Vecna’s presence in 5th Edition has been more scarce. He’s listed as part of the “Dawn War Pantheon” (essentially the 4th Edition’s default set of gods) as well as part of the gods of the Greyhawk campaign, in both cases as a deity of evil secrets. In later supplements he is mentioned as a suitable deity for an Arcana domain Cleric or as a patron for an Undying Warlock, but he himself has remained largely offscreen. However, he did show up in the first campaign of Critical Role, and his appearance there has even been made canonical by the inclusion of Arkhan the Cruel in published adventure Descent into Avernus. Last June, D&D Beyond also hinted at his return, adding a free promotional supplement — The Vecna Dossier — as well as a free adventure and advice on using Vecna as the “big bad” of your campaign.
But that was it — not a peep from the god of secrets after that.
So why is Vecna making his return now?
It’s easy to see that Vecna is an iconic villain — but why bring him back now? The most obvious guess would simply that he’s currently in the pop culture zeitgeist, thanks to Stranger Things. Lots of people know the name Vecna who may not have before, so why not give them the true evil archlich himself for which the otherworldly villain was named?
It could also be a pointer to a return of the Greyhawk setting to 5th Edition D&D — it’s Vecna’s origin, after all, but it’s only mentioned here and there in the game’s current materials; Greyhawk offers a fairly distinct swords-and-sorcery flavor compared to the standard high fantasy of the Forgotten Realms. Mentioning a “world-hopping adventure” involving Vecna immediately reminded me of the Vecna Trilogy (1990’s Vecna Lives, 1998’s Vecna Reborn, and especially 2000’s Die Vecna Die!), but even modernizing that chain of adventures for 5th Edition would be tricky without Greyhawk — we have Ravenloft in the modern game, and Planescape returns this year, but Greyhawk remains absent.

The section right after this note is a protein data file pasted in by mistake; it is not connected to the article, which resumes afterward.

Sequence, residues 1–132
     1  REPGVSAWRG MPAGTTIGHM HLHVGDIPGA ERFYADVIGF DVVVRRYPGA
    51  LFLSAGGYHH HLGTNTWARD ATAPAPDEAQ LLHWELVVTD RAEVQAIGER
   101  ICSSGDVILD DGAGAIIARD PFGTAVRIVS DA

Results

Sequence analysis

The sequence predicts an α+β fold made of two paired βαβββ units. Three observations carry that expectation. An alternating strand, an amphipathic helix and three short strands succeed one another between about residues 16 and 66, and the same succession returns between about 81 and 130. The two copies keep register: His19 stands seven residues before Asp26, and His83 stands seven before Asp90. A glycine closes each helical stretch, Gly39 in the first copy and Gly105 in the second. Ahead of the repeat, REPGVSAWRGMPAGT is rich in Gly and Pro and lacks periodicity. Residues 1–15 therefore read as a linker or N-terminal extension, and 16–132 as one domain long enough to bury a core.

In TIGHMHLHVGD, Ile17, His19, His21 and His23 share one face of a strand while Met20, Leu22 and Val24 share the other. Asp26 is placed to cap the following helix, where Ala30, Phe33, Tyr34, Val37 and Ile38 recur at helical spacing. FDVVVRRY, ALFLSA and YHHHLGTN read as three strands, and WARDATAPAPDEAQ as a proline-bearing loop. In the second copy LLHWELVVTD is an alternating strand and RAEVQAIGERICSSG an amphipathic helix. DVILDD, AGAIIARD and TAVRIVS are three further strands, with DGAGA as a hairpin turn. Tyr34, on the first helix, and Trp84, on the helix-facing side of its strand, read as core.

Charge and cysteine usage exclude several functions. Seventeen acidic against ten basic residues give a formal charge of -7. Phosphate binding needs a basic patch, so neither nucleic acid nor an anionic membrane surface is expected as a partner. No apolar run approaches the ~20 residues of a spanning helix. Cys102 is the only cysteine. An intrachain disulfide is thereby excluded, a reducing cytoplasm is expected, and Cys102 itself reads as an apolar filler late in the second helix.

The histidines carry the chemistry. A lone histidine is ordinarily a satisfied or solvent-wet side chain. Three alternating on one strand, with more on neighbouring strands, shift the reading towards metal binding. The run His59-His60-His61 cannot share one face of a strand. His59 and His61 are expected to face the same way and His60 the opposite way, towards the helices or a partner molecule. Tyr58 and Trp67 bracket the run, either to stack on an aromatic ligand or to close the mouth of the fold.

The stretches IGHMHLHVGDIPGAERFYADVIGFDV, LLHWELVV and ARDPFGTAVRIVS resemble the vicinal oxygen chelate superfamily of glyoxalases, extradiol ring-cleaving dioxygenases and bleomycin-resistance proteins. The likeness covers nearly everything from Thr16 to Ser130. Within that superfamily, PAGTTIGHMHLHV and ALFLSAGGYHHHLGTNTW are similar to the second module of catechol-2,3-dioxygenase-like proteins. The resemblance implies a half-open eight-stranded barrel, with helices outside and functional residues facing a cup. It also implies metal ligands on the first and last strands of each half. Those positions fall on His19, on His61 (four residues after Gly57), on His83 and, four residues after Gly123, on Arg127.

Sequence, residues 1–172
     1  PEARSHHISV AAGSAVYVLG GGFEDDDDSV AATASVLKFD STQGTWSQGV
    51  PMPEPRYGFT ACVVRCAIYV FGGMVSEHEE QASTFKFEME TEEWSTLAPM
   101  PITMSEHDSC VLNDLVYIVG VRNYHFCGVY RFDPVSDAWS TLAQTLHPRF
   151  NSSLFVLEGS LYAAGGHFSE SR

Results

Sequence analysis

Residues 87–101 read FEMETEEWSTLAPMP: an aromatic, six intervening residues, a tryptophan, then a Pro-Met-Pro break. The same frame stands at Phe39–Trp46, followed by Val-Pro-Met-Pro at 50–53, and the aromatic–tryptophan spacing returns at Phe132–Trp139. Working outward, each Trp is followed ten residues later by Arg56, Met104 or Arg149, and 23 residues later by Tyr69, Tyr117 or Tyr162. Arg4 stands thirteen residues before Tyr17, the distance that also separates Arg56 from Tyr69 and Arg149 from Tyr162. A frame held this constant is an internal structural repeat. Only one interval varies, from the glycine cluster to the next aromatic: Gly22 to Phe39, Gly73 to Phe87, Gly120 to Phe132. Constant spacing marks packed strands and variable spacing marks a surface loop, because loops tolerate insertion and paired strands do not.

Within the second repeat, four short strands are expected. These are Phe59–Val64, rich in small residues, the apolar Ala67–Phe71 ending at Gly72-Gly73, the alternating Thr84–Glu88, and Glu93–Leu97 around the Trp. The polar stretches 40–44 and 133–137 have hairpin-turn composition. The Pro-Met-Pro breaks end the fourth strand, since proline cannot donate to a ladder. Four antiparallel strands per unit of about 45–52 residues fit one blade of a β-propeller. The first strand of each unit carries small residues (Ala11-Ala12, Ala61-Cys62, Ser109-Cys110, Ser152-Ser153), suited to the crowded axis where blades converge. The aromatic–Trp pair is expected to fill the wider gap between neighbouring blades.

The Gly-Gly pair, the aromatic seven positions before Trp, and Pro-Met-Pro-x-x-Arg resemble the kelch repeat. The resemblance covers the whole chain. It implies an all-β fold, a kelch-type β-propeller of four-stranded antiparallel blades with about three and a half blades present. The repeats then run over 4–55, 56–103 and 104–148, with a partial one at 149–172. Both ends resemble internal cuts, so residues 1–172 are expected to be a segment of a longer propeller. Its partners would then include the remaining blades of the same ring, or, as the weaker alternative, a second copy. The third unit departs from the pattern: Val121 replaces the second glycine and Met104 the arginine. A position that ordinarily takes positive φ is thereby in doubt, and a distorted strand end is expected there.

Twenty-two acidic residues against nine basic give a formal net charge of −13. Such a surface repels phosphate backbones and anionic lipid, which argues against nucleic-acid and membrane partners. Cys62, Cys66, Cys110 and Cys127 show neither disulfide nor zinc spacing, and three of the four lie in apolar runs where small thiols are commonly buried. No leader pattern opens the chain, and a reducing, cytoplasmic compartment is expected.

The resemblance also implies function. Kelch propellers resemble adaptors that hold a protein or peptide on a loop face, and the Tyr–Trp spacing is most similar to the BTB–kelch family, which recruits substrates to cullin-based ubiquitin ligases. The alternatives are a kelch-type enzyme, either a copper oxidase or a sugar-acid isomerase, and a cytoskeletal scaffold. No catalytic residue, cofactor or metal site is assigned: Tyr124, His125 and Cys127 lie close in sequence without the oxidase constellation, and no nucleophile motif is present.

It’s also possible that this is part of Wizards of the Coast’s new focus on interconnectivity, something Jeremy and Mike pitched often in their short teaser video. Vecna returns in 2024, but apparently plans exist for him to continue showing up for the next five years, bringing back other iconic D&D villains along the way ranging from the Forgotten Realms’ Red Wizards of Thay to Venger, the antagonist from the 1980s D&D cartoon. Planescape, and its central setting Sigil, the City of Doors, are literally interconnected to everywhere in the D&D multiverse, and that book is confirmed to set the stage for Vecna’s return. Perhaps we’ll even find a connection with those shattered obelisks in the return to Phandelver slated for this year. This could even hint at a return to a style of D&D adventure-publishing we haven’t seen recently outside of collections like Journeys Through the Radiant Citadel and Keys from the Golden Vault, one where published adventures are shorter overall but meant to interlock and overlap, allowing room for crossovers along the way, to really shape your campaign your way even if you’re using published materials rather than potentially being locked into a single book for 14 levels.
Whatever the reason, it’s always exciting to see a new take on an old classic antagonist, and when it comes to Dungeons & Dragons, they don’t get much more iconic or classic than Vecna. Hopefully his plane-hopping adventures will broaden the worlds available for the game even further, sparking the imaginations of even more players and DMs alike.